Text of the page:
Southeastern Connecticut Regional Resilience Vision Project
This report summarizes a year of dialogue organized by The Nature Conservancy, the Southeastern Connecticut Council of Governments, and Southeastern Connecticut Enterprise Region that aimed to develop a shared understanding of resilience for the region and potential solutions. This was the first regional resilience effort in Connecticut. The report details the key issues identified through a series of “challenges workshop dialogues,” in which participants conceptualized challenges relevant to water, food, ecosystems, transportation, energy, and the economy. It also outlines findings from the “solutions workshop” where participants were given the top challenges and brainstormed possible strategies. The report provides a more comprehensive account of the objectives, process, and details from these dialogues; for a shorter summary see the related Guidebook.
The report provides an overview of the geology, climate, and sea-level rise risks within the region. It also describes demographic patterns and shifts. For example, the region has seen the traditional military and pharmaceutical industries change to more service based industries with lower wages. These shifts have important planning implications, as the region needs to diversify the housing stock to meet the needs of existing residents and take steps to attract younger professionals. Planning for extreme weather is particularly important around the water sector since Southeastern Connecticut Water Authority must develop and protect groundwater sources to meet the needs of a growing population.
The report presents the challenges and solutions for each sector in detail. Challenges are divided into “top challenges” and “other challenges.” For each of the top challenges, the report provides some context and discusses how climate change is likely to play a role. The solutions section provides several options for addressing each of the top challenges. For example, to address concerns around nonpoint source pollution and saltwater intrusion into septic systems, the report outlines the following options:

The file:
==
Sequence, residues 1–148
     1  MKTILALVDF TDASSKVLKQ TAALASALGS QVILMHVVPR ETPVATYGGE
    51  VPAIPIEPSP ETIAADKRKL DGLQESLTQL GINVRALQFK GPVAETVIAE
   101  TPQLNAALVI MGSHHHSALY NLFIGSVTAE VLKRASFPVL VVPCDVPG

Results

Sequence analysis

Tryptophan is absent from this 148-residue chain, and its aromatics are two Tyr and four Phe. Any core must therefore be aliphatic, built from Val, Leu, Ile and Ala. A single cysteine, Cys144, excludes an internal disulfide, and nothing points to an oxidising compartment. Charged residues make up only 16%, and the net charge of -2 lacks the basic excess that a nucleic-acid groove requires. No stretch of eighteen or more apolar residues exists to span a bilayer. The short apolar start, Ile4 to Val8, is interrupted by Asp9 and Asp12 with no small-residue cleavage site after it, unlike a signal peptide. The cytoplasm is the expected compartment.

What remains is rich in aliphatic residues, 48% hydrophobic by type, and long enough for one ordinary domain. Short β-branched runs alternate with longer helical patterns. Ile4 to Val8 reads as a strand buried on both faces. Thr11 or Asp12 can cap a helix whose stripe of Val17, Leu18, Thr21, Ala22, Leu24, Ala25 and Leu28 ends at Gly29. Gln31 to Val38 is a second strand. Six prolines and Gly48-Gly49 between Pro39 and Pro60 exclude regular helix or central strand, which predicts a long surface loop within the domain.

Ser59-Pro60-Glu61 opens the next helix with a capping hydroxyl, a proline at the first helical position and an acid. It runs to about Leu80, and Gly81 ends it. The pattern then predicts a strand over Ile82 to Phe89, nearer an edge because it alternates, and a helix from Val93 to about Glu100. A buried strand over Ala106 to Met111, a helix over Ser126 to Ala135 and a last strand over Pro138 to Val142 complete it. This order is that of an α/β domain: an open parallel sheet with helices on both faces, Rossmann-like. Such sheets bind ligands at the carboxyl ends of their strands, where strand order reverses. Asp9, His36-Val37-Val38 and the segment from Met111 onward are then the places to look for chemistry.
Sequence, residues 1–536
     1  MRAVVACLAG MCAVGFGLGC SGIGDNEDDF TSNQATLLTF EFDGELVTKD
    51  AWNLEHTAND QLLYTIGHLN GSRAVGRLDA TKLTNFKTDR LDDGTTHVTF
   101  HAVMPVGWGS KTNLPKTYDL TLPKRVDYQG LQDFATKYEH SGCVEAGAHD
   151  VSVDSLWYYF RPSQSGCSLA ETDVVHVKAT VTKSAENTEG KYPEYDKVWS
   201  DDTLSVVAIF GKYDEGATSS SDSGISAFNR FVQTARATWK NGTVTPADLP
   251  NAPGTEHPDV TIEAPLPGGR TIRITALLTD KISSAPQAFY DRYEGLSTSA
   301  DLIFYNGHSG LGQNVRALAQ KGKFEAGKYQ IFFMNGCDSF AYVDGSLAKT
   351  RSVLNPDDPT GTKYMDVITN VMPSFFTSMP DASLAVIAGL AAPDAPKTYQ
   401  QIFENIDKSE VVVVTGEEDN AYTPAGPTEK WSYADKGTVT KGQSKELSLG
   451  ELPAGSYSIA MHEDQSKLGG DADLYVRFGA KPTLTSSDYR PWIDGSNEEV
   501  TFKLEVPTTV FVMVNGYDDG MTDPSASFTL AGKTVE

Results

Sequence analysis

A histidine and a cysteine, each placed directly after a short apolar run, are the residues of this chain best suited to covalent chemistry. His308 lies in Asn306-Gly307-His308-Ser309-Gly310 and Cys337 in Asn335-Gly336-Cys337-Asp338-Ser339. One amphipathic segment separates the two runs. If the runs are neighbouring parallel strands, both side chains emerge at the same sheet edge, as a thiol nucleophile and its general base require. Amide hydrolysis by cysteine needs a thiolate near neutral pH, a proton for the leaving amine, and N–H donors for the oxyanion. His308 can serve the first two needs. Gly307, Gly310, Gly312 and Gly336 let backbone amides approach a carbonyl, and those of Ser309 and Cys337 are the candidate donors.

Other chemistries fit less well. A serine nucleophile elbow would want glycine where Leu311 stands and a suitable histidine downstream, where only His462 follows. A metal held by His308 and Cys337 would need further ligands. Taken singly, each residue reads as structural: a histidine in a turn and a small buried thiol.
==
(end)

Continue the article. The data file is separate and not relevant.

- Using rain gardens and bioswales to infiltrate stormwater before it enters waterways.
- Requiring septic system inspection at point of property sales.
- Improving combine sewer systems to minimize the change of direct discharge during heavy rain events.
- Building upon past projects to foster opportunities for green and gray infrastructure.
- Developing a long-term plan for upgrading identified infrastructure at risk of saltwater intrusion.
To illustrate the types of actions needed to support regional resilience, the core team also identified specific projects that would exemplify design options. The report provides a high level summary of these projects.
Publication Date: March 2017
- Southeastern Connecticut Council of Governments
- The Nature Conservancy (TNC)
- Policy analysis/recommendations